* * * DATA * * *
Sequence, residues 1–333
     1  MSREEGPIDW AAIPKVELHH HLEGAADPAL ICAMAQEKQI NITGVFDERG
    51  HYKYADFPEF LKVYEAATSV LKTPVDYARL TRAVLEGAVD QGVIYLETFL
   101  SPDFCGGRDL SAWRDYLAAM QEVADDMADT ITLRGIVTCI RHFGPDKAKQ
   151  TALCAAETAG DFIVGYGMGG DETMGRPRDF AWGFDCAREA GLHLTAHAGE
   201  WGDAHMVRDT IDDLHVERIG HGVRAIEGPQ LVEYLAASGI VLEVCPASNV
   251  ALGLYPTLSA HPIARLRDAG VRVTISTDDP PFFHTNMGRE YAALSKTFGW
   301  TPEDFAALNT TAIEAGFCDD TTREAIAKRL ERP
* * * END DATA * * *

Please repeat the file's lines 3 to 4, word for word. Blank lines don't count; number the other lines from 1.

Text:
    51  HYKYADFPEF LKVYEAATSV LKTPVDYARL TRAVLEGAVD QGVIYLETFL
   101  SPDFCGGRDL SAWRDYLAAM QEVADDMADT ITLRGIVTCI RHFGPDKAKQ